Kinky, man

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Posted by tree68 on Thursday, January 04, 2018 11:13 AM

VOLKER LANDWEHR

In 1944 the Army tried to derail a train by blowing out pieces of rail. The results are surprising: https://www.youtube.com/watch?v=agznZBiK_Bs
Regards, Volker

That's the one.

LarryWhistling
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Posted by Overmod on Thursday, January 04, 2018 10:28 PM

tree68
VOLKER LANDWEHR

In 1944 the Army tried to derail a train by blowing out pieces of rail. The results are surprising: https://www.youtube.com/watch?v=agznZBiK_Bs
Regards, Volker

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Posted by Paul_D_North_Jr on Friday, January 05, 2018 2:54 PM

blue streak 1
PDN  Would your micrometer have to be at the same temperature for both measurements ? Or can it be calibrated before each measurement ?

About pull aparts.  If a train runs over a pull apart or at least part of a train how much damage will happen to the wheels for various distances ?  That of course would depend on how much distance the pull apart is.  Certainly more than a low rail joint.  Wheel rail confence question ?

The micrometer should be at the same temeprature as you suggest, and the actual measurments then adjusted to a standard reference temperature.  But that's a minor source of error, and wouldn't affect the conclusion, which is that the transverse change in dimension due to Poisson's Ratio is trivial/ insignificant for most practical purposes. 

As the effect on wheels - that's best answered by a Mechancal Dept. person.  I can say that the FRA allows railroads to authorize signalmen and MOW personnel field personnel to permit very slow speed (5 - 10 MPH as I recall) moves of trains over pull-aparts so as to keep the line moving, pending a repair.  Presumably they wouldn't do that if there was a risk of wheel damage. 

An opposite case was reported in the AREMA Proceedings a couple years ago.  Something left gouges in a light rail system's new rail for about 2,000 ft. as I recall.  It took quite a bit of detective work to figure out that it was apparently caused by a very hard machining tool bit that somehow became stuck in a light rail vehicle's wheel, though that is speculation because it was never found. 

- PDN.  

"This Fascinating Railroad Business" (title of 1943 book by Robert Selph Henry of the AAR)
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Posted by Murphy Siding on Wednesday, January 10, 2018 12:30 PM

How wide can a pull-apart be and still allow the train to go over it?

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Posted by Semper Vaporo on Wednesday, January 10, 2018 1:03 PM

As long as the wheels remain aligned with the other end of the gap and there is sufficient energy to climb the infinite grade of the broken rail end, it could be miles and miles.  In practical terms, due to the variation in what is in the way along the bumpy ride over the ties and ballast, probably not very far.  Watch that video referred to above and you will see that the gap can be substantial.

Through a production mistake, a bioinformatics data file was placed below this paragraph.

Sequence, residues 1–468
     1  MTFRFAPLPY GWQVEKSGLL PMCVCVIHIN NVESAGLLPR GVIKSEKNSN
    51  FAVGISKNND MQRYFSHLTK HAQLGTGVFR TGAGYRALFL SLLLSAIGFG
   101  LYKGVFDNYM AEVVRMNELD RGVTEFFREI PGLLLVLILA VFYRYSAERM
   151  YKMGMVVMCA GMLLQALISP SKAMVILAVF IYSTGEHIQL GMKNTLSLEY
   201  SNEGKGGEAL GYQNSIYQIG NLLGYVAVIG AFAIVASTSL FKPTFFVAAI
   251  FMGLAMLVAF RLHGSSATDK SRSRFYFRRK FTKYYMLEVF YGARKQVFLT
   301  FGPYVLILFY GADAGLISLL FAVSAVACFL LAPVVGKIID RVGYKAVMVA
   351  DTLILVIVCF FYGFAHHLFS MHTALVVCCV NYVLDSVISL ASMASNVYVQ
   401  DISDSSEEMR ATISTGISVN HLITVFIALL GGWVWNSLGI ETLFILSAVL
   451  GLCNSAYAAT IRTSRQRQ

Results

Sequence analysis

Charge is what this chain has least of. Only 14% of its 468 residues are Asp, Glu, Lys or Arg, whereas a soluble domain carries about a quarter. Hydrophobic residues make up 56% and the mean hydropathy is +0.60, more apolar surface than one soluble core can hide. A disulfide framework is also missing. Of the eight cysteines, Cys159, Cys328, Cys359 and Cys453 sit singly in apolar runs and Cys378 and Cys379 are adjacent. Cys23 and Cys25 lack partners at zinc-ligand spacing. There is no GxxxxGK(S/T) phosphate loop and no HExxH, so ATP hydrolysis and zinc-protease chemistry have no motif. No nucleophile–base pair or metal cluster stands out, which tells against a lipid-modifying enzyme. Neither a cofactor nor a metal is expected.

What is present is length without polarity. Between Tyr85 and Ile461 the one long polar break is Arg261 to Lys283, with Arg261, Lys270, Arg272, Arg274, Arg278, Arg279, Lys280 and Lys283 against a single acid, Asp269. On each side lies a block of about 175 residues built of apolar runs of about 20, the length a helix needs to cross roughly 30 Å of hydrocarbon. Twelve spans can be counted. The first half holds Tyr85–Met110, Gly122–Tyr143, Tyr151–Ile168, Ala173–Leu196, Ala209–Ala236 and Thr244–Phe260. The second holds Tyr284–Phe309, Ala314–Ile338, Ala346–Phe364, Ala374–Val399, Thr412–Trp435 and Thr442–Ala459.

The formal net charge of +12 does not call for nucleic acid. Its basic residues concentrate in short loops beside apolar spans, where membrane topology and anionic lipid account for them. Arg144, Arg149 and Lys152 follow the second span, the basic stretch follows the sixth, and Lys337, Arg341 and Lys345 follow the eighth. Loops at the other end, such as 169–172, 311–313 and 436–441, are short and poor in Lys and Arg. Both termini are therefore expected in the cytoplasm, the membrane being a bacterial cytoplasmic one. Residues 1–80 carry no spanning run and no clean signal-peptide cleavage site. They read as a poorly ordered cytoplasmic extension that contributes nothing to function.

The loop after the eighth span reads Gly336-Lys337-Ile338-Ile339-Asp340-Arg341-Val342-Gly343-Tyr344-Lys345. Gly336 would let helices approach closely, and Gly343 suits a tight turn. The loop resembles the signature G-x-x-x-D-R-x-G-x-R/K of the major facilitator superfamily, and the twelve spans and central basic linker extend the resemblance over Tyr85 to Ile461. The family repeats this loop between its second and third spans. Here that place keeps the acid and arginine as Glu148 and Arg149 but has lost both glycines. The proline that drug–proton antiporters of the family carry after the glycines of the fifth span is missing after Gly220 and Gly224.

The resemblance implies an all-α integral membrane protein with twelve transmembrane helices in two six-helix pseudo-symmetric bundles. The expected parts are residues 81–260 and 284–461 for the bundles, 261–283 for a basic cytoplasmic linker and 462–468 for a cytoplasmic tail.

Semper Vaporo

Pkgs.

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Posted by Overmod on Wednesday, January 10, 2018 1:31 PM

Murphy Siding
How wide can a pull-apart be and still allow the train to go over it?

Also depends very substantially on whether it's in a curve, if there is strong crosswind or other force tending to push a flange outward, or if the car is behind a DPU node in substantial buff (when small incremental changes in lateral force no longer self-correct as they do in draft). 

I would suspect constant-contact side bearings are your friend in keeping truck yaw minimized over what is basically the analogue of a severe staggered low joint, even in some curves.

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Posted by Paul_D_North_Jr on Wednesday, January 10, 2018 2:24 PM

Semper Vaporo
 . . . and there is sufficient energy to climb the infinite grade of the broken rail end, . . . 

Roughly 4.5 to 5 MPH [for those who want to know, by h = v^2 x 2G  where h = 8" = 0.67', solving for v in ft./sec., and then converting to MPH].  

- PDN. 

"This Fascinating Railroad Business" (title of 1943 book by Robert Selph Henry of the AAR)
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Posted by Semper Vaporo on Wednesday, January 10, 2018 3:03 PM

Paul_D_North_Jr
Semper Vaporo
 . . . and there is sufficient energy to climb the infinite grade of the broken rail end, . . . 

Roughly 4.5 to 5 MPH [for those who want to know, by h = v^2 x 2G  where h = 8" = 0.67', solving for v in ft./sec., and then converting to MPH].  

- PDN. 

Offhand, I would think that diameter of the wheel and weight of the car should be a part of the calculation.  Given the energy to pull, I think it should be possible to lift the empty or loaded car the required distance above the rail at a speed of fractions of a furlong per fortnight... assuming the wheel diameter would put the center of rotation above the height of the rail, otherwise the pull would just be trying to squish the end of the rail.

 

Semper Vaporo

Pkgs.

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Posted by erikem on Wednesday, January 10, 2018 9:44 PM

Semper Vaporo

Offhand, I would think that diameter of the wheel and weight of the car should be a part of the calculation.

Unless we're talking about very small diameter wheels with the gap greater than the wheel diameter, the wheel is going to bridge the ends of the rails. For a 4 inch gap with wheel with a 36 inch tread diameter, the wheel will only drop about 0.1". For an 8 inch gap, the wheel will only drop ~0.45".

Offhand, I'd say you were on the right track.

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